9. Civil Rule No. 2729 of 1954 has been obtained by the defendant No. 26 who has purchased the interest of defendant No. 22 during the pendency of this litigation. On behalf of defendant No. 26 it was contended that his vendor, defendant No. 22, was interested only in the properties which were included in the plaint by the petition filed on 20-4-1942, and also to a certain share in item No. 7 of the plaint as it originally stood. On his behalf it was contended that he is not interested in all the items of the joint family property and he could not be rightly impleaded in the suit for partition, The allegations made by the plaintiff with regard to these properties is that the defendant No. 22 was a benamdar for all the co-sharers of joint family property and consequently though the property stood in the name of defendant No. 22, they were really parts of the joint family estate. As I have already pointed out that if according to the plaintiff, all the cosharers defendants have an interest in the properties which stand in the name of defendant No. 22, those properties can be included, in this suit for partition, even though defendant No. 22 may not be interested in other properties. This Rule, therefore, should also be discharged with costs.
10. Civil Rule No. 2835 of 1954 has been obtained by defendant No. 1 and Civil Rule No. 2836 of 1954 has been obtained by defendant No. 21 who is the wife of defendant No. 1. Mr. Bannerjee appearing for defendant No. 21 in Civil Revision Case No. 2836 of 1954, has invited our attention to paragraph 11 of the amended plaint in which it is stated that in 1926, the defendant No. 1 procured a money decree in a suit for contribution and in that suit the plaintiff was impleaded as a minor although he was in fact a major at that time and the suit terminated in a solenama decree. The plaintiff denied having executed any solenama and consequently the said decree was challenged as a nullity and not binding upon the plaintiff. That decree was subsequently assigned in favour of defendant No. 21 who purchased the property at the execution sale held in execution of that decree. Mr. Bannerjee contends that this is not an allegation of benami but it is an allegation as to the character of the decree which was assigned to defendant No. 21 and therefore it falls outside the scone of a suit or partition. I am sure I cannot accept this argument. In a suit for partition the court his jurisdiction to consider not only all questions of benami but also all questions relating to the process by which joint family property has been transferred to an outsider. For these reasons it is impossible for us to interfere in these two-Rules as well. These two Rules must accordingly be discharged with costs.
11. Civil Rule No. 3057 of 1954 has been obtained by defendant No. 27 who is the wife of defendant No. 3. She purchased properties which stood in the name of defendant No. 22 Harendra Nath Ghose. The properties which stood in the name of Harendra Nath Ghose were included in the plaint by an amendment dated the 1st of June, 1942. According to the plaintiff, Harendra Nath Ghose who sold the properties to defendant No. 27 was a benamdar for all the co-sharers of the joint family. On behalf of defendant No. 27 it has been contended that defendant No. 22 purchased this property at an astam sale for a sum of Rs. 5000/-(five thousand only) and therefore the title of Harendra Nath Ghose cannot be challenged in this suit. The question whether Harendra Nath Ghose's title can or cannot be challenged or whether Harendra Nath Ghose is or is not a benamdar for the joint family is quite foreign to the question whether the suit is bad for multifariousness. As the plaintiff alleges that Harendra Nath Ghose is a benamdar for the joint family, the properties standing in his name nave been rightly included in the plaint and Harendra Nath. Ghose has been rightly impleaded as a defendant. This Rule must also be discharged with costs,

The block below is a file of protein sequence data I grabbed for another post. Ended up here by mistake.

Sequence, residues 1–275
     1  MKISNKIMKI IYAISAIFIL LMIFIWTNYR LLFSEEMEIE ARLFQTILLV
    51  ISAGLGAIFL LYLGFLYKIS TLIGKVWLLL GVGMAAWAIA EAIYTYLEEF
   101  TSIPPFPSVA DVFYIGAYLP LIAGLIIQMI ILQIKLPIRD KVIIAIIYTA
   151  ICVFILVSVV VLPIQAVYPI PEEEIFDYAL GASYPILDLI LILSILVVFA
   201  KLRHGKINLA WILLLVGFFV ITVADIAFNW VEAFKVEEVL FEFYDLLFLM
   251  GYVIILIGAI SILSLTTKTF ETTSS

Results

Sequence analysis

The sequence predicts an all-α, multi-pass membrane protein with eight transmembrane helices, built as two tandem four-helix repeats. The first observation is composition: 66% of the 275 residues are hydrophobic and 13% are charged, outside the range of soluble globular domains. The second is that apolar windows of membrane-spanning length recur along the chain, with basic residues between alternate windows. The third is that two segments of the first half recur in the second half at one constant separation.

12. Civil Rule No. 3058 of 1954 has been-obtained by defendants Nos. 8 and 9 who are interested in all the seven items of properties which, were included in the plaint by the amendment petition dated 20-4-1942 and also in a certain share of item No. 7 of the original plaint. The case ef these two defendants stands on the same footing as-the case of defendant No. 21 in Civil Revision Case No. 2836 of 1954 and for the same reason this Rule must also be discharged with costs,
13. There is however one point to which I must refer before parting with these cases. I have already stated that all the issues in this suit were settled on 11-11-1942. On that date all the defendants who have obtained these Rules could have raised the plea of multifariousness because the amendments by which the properties in which they claim interest were included in the plaint, were made in the months of April and June, 1942; but instead of raising that plea on that date they waited for twelve years and raised the plea of multifariousness only on 20-8-1954, when the suit was taken up for peremptory hearing. The rule of multifariousness is a rule of convenience and it is primarily in the discretion of the court to decide; whether the plaintiff should be allowed to proceed with different causes of action in the same suit upon a consideration of all the facts and circumstances of the case. The omission of the defendants to raise the plea of multifariousness for a period of more than twelve years from the date of the framing of the issues, is, in my opinion, fatal to their claim. For the reasons given above. I would discharge all these Rules with costs to the plaintiff opposite party.
J.P. Mitter, J.
14. I agree.